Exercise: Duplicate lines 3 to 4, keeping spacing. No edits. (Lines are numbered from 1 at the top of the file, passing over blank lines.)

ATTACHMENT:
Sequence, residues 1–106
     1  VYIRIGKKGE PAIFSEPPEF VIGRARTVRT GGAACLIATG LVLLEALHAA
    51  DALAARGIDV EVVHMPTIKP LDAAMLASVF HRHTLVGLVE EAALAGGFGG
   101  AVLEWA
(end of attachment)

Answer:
    51  DALAARGIDV EVVHMPTIKP LDAAMLASVF HRHTLVGLVE EAALAGGFGG
   101  AVLEWA